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In re Wisdom

United States District Court, D. Idaho

March 21, 2017

In re ALLEN L. WISDOM, Debtor.
v.
JEREMY J. GUGINO and LIBERTY MUTUAL INSURANCE COMPANY, et al., Appellees. ALLEN L. WISDOM, Appellant, Bk. No. 1:11-01135-JDP Adv. No. 13-06045-TLM

          MEMORANDUM DECISION AND ORDER

          Edward J. Lodge United States District Judge

         INTRODUCTION

         Pending before the Court in the above-entitled matter is Appellant's appeal of Chief Bankruptcy Judge Terry L. Myers' decision denying his Motions to Recuse and Application for Default Judgment and granting the Appellees' Motion for Summary Judgment. The matter is ripe for the Court's review. Having fully reviewed the record, the Court finds that the facts and legal arguments are adequately presented in the briefs and record. Accordingly, in the interest of avoiding further delay, and because the court conclusively finds that the decisional process would not be significantly aided by oral argument, this matter is decided on the record before this Court without oral argument.

         FACTUAL BACKGROUND

         1. The Underlying Bankruptcy Case

         On April 19, 2011, Debtor-Appellant Allen L. Wisdom filed a Chapter 7 bankruptcy petition. (BK Case No. 11-01135-JDP.) Included in the list of claimed exemptions were certain life insurance policies. The Appellee, the United States Trustee appointed to this case, Jeremy Gugino (the “Trustee”), objected to the claimed exemptions in the life insurance policies.[1] United States Bankruptcy Court Judge Jim D. Pappas sustained the Trustee's objection and ordered that the claimed exemptions in the life insurance policies be disallowed. The Trustee then liquidated the policies and filed the Trustee's Final Report (“TFR”) in the Chapter 7 bankruptcy proceeding. Mr. Wisdom objected to the Final Report arguing the Trustee fraudulently and unlawfully liquidated the life insurance policies, breached his fiduciary duties, and engaged in misrepresentations and criminal misconduct. Judge Pappas overruled those objections and approved the TFR. (Dkt. 156, BK Case No. 11-01135-JDP.) Mr. Wisdom appealed that decision to the United States District Court and the Ninth Circuit, both of whom affirmed the lower courts' rulings and, in doing so, found Mr. Wisdom's claims lacked merit. (Dkt. 13, DC Case No. 1:12-cv-00530-BLW); (9th Cir. Case No. 13-35409.)[2]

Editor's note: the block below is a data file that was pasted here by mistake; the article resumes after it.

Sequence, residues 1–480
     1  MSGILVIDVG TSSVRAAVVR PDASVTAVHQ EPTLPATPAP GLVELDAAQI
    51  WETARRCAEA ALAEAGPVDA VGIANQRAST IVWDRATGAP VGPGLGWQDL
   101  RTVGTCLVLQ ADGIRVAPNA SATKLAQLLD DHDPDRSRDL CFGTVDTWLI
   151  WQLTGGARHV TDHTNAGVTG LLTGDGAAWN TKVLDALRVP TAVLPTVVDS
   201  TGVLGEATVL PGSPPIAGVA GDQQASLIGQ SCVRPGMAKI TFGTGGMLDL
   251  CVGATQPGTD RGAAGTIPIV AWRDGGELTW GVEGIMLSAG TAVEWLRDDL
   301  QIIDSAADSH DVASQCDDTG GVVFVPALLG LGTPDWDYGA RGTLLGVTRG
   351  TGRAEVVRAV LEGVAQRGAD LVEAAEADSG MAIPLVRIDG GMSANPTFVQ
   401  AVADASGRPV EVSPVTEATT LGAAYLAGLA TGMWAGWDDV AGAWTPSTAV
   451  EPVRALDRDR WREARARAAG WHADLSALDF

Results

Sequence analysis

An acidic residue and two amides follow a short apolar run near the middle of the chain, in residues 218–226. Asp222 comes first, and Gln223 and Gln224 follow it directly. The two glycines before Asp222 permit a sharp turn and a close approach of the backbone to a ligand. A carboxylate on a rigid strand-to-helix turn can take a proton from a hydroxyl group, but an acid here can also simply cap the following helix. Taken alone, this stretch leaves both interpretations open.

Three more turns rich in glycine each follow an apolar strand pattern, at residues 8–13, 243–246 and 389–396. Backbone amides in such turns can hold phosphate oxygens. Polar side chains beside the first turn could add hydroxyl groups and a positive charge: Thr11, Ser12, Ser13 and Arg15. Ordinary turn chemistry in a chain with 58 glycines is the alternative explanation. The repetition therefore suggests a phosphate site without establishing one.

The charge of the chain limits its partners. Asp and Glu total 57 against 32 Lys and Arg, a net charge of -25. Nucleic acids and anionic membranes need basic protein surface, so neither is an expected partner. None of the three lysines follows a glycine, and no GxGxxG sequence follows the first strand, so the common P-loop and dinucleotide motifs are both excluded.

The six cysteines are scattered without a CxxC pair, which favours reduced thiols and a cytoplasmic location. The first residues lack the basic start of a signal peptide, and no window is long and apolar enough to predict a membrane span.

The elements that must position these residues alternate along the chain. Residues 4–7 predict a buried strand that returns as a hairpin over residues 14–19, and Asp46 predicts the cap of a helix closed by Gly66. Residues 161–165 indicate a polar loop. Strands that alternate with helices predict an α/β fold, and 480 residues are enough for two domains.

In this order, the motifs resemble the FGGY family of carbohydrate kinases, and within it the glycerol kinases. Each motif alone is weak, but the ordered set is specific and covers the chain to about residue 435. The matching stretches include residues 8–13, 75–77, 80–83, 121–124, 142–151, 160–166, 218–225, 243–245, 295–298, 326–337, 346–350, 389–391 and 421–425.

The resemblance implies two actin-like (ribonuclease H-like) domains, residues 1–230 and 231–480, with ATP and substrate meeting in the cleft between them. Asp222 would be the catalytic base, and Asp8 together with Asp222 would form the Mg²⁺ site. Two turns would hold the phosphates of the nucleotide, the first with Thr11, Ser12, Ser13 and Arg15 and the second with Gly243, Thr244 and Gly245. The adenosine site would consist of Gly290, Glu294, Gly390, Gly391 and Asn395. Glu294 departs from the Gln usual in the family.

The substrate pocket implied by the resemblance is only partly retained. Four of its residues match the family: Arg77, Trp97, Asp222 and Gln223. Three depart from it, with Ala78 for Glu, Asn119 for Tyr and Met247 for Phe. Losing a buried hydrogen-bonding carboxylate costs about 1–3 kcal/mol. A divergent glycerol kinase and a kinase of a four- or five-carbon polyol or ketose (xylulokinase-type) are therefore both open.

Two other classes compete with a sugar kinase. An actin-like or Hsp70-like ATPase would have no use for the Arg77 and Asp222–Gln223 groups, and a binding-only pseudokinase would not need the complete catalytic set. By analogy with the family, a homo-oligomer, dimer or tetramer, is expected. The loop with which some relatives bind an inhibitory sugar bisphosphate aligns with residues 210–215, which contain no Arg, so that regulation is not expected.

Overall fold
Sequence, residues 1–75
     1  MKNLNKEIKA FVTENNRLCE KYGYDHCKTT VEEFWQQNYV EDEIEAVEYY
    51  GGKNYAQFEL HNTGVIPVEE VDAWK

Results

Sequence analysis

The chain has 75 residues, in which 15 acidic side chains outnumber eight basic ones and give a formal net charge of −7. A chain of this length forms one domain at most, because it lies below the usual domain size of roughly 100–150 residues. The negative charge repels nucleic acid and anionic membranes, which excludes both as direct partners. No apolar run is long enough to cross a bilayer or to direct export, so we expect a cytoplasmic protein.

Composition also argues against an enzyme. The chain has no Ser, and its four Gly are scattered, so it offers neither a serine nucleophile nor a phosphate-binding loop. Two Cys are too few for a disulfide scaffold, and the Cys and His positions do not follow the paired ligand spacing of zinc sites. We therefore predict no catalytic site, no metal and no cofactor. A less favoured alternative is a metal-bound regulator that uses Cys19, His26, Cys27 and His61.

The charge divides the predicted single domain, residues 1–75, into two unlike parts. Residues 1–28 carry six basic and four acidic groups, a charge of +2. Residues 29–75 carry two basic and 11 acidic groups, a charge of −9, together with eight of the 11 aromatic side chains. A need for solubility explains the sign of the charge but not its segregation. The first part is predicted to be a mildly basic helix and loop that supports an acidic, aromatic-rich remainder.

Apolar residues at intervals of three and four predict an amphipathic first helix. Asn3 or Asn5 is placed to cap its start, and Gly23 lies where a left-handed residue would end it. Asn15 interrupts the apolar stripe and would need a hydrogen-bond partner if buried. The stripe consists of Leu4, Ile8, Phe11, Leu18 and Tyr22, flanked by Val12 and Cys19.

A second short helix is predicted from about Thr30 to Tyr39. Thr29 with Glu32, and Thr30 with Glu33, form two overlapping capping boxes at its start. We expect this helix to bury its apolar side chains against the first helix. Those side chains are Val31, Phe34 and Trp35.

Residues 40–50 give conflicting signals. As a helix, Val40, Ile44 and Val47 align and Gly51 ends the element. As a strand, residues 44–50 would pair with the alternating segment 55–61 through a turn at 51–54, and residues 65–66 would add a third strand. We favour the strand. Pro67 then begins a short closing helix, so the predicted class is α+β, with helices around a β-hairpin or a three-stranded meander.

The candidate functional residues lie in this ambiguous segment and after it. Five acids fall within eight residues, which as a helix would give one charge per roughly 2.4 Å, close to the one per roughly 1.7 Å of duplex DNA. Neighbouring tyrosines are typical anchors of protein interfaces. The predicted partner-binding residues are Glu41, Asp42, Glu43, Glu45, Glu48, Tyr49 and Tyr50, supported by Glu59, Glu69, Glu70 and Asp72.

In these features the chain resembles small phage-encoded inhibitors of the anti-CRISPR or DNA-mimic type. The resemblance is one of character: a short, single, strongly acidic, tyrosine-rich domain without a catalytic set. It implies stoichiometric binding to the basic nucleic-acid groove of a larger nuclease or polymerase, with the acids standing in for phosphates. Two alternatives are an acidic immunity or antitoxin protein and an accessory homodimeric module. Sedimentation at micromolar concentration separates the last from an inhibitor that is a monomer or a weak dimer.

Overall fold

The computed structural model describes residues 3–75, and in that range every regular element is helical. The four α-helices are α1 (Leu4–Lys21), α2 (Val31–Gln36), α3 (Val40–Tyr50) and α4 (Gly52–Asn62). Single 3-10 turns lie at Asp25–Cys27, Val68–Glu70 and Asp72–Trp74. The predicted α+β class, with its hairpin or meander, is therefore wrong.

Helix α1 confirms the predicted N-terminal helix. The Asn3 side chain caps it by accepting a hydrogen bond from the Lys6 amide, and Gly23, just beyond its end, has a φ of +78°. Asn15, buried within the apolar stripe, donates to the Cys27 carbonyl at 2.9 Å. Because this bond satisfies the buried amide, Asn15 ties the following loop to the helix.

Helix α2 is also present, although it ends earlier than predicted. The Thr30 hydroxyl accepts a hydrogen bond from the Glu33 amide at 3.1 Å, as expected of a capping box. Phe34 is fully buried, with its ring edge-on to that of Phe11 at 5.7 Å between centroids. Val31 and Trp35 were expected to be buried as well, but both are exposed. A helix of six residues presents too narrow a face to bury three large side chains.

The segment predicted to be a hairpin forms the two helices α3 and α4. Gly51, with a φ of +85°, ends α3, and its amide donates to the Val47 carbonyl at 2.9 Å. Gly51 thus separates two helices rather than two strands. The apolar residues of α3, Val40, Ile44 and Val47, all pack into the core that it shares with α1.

2. The Adversary Proceeding

         On December 3, 2013, Mr. Wisdom filed an adversary proceeding in the Bankruptcy Court against the Trustee, his bankruptcy attorneys, and New York Life Insurance Company (“N.Y. Life”). (Adv. Case No. 13-06045-TLM.) Mr. Wisdom raised claims of breach of contract, breach of fiduciary duty, negligence, tortious interference with contract, constructive fraud, legal malpractice, intentional and negligent infliction of emotional distress, slander per se, and civil conspiracy. The claims allege the Trustee improperly liquidated the insurance policies in the underlying bankruptcy proceeding and that the Trustee committed fraud and violated the fiduciary duty he owed to Mr. Wisdom. The adversary case was ultimately assigned to Chief Bankruptcy Judge Terry L. Myers.

         In April of 2014, Mr. Wisdom filed a Motion to Recuse Judge Myers arguing the Trustee assigned to the underlying bankruptcy matter had been Judge Myers' law clerk several years prior. Judge Myers denied the Motion to Recuse. (Dkt. 59, Adv. Case No. 13-06045-TLM.) Mr. Wisdom then filed a Motion for Leave to File an Interlocutory Appeal of Judge Myers' decision which Judge Winmill denied. (Dkt. 8, DC Case No. 1:14-00279-BLW.) The Ninth Circuit affirmed. (Dkt. 14, 9th Cir. Case No. 15-35013.)